With respect to frequency of computer use, there was a significant difference between healthcare providers who use the computer at the PHC center daily, versus those who never use the computer at the PHC center, in relation to “change efficacy” (p = 0.01). There was a significant difference in the three levels of comfort using computers for the factors “change efficacy” and “personally beneficial”. Specifically, those that were very comfortable using computers believed that they have the skills and abilities for using the eHealth system once it is implemented, and that they will benefit from the eHealth system, as compared to those who were comfortable (p = 0.001 and p = 0.01, respectively), and not comfortable using computers (p = 0.000 and p = 0.008, respectively). Also, other healthcare providers believe that they have the skills and ability to implement the eHealth system, more so than nurses (p = 0.005). Moreover, other healthcare providers believe that they have the skills and ability to implement the eHealth system, more so than nurses (p = 0.005). In addition, those that have access to computers believe more than those that do not have access to computers that they have the skills and abilities to implement the eHealth system (p = 0.01).

Personally beneficial

There was a significant difference in the mean for the factor, “personally beneficial”, according to type of healthcare providers between physicians and nurses, and nurses and other healthcare providers (p = 0.005 and p = 0.001, respectively). Namely, physicians and other healthcare providers believe that they will personally benefit more from the eHealth system than nurses. Based on the results of the questionnaire (Table 3), there was a significant difference in belief concerning personal beneficence once the eHealth system is implemented among those that have access to computers at the PHC center, versus those that do not have access to computers (p = 0.022).
Table 3

Computer use versus readiness for implementation of the eHealth system

 

Factor

Appropriateness

Management support

Change efficacy

Personally beneficial

Mean (Standard deviation)

Comfort using computersb

 Very comfortable

5.15 (±0.52)c

5.38 (±0.70)e, f

5.54 (±0.60)

5.44 (±0.67)

 Comfortable

5.05 (±0.82)d

5.06 (±0.80)

5.05 (±0.82)

5.10 (±0.89)

 Not comfortable

4.43 (±0.62)

4.74 (±1.02)

3.76 (±0.82)

4.38 (±1.01)

Access to computers at respective PHC centera

 Yes

5.08 (±0.74)

5.21 (±0.80)

5.20 (±0.79)g

5.24 (±0.84)h

 No

4.88 (±0.57)

4.90 (±0.75)

4.48 (±0.99)

4.73 (±0.99)

Sharing computers with colleaguesa

 Yes

5.04 (±0.85)

5.15 (±0.79)

5.12 (±0.79)

5.15 (±0.84)

 No

5.08 (±0.54)

5.17 (±0.81)

5.14 (±0.92)

5.25 (±0.89)

Frequency of computer use at respective PHC centerb

 Monthly

4.58 (±0.53)

4.97 (±0.90)

4.76 (±0.98)

5.05 (±0.69)

 Weekly

5.21 (±1.20)

5.18 (±0.74)

5.12 (±0.77)

5.29 (±0.86)

 Daily

5.10 (±0.57)

5.30 (±0.79)

5.31 (±0.75) i

5.26 (±0.84)

 Never

4.95 (±0.61)

4.90 (±0.77)

4.85 (±0.93)

5.01 (±0.94)

aIndependent T-test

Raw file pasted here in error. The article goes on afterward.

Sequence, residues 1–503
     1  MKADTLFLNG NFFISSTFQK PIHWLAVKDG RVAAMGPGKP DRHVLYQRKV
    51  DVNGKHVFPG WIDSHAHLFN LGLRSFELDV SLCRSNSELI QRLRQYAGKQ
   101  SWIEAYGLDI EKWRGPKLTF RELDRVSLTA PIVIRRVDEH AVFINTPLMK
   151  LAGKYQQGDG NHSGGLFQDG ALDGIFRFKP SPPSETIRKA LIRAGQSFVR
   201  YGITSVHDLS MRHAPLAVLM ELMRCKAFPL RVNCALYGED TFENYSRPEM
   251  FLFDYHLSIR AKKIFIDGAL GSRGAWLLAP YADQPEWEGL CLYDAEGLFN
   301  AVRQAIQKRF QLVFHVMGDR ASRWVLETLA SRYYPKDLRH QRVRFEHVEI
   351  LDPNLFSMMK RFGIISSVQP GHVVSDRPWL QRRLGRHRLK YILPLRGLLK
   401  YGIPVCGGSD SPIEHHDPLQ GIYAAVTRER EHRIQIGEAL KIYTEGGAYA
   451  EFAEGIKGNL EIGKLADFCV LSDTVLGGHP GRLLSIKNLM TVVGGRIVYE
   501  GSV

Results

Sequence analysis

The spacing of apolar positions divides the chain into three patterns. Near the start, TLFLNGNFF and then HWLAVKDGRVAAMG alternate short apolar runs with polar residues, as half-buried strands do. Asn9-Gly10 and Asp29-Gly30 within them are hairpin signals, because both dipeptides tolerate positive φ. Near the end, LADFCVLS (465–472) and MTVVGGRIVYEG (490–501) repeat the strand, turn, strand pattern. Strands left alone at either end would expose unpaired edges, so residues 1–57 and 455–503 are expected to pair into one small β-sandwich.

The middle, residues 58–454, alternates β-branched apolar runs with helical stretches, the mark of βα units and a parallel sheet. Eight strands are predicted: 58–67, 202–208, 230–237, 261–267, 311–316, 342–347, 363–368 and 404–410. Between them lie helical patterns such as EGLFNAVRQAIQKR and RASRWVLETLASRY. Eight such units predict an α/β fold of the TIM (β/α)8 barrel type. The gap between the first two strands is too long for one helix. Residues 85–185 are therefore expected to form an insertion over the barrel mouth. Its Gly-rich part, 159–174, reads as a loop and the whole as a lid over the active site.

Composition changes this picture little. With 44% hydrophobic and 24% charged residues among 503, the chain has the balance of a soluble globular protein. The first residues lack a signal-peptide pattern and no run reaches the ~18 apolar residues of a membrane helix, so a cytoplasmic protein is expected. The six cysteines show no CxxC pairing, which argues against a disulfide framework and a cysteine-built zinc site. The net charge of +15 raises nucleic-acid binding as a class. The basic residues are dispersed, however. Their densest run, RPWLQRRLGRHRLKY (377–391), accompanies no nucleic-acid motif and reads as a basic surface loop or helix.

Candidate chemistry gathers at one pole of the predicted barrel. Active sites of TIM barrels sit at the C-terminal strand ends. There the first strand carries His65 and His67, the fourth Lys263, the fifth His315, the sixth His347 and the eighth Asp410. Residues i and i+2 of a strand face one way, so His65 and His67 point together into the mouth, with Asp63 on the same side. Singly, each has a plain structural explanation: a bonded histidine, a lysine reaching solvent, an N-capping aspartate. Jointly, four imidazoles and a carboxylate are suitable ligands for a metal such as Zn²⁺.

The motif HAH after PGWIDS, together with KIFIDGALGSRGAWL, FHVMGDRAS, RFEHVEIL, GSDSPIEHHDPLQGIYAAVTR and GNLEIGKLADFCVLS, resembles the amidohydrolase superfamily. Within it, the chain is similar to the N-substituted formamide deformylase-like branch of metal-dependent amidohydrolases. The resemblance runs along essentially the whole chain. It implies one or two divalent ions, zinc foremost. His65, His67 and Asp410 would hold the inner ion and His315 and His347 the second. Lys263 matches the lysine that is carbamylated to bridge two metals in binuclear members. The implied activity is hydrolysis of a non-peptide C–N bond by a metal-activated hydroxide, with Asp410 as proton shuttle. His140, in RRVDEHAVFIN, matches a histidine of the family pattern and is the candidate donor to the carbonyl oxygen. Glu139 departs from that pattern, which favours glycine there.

bAnova One-way analysis of means, with Bonferroni multiple comparison test, and Kruskal-Wallis One-way analysis of variance, with

Tamhane T2 analysis of unequal variances were used for statistical analysis

c, d, eA significant difference was found with those not comfortable using computers

fA significant difference was found with those comfortable using computers

g, hA significant difference was found between those with access to computers versus those who do not have access to computers

iA significant difference was found between those who use computers at the PHC center daily versus those who never use the computers

Discussion

Many have argued that eHealth holds promise of enhanced efficiency and quality in healthcare [8, 9]. A facilitating factor for the adoption and successful implementation of eHealth is the acceptance and readiness of healthcare providers [17]. To our knowledge, no studies have been conducted in Lebanon and the Arab region to assess the readiness of primary healthcare providers for the implementation of eHealth applications. This paper attempts to address this knowledge gap. The results of this study demonstrate the extent of readiness of healthcare providers for eHealth implementation in PHC centers across Lebanon, as well as demographic, professional and organizational factors associated with such readiness.

The findings of this study revealed no relation between age of healthcare providers and their readiness for implementation of the eHealth system. This is in contrast to the findings of a study that found that older age groups have more positive attitudes regarding the usefulness of technologies than younger age groups [46]. Also, this study did not find a significant association between the gender of healthcare providers and their readiness for implementation of eHealth, in contrast to the findings of a study that identified that the degree of perceived usefulness among participants differed depending on gender [46]. This may be explained by our finding that the majority of healthcare providers expressed that they are comfortable or very comfortable using computers, irrespective of their age and gender. Literature has shown that computer knowledge and acceptance of, or readiness for, eHealth and other IT applications are positively correlated [28, 31, 47].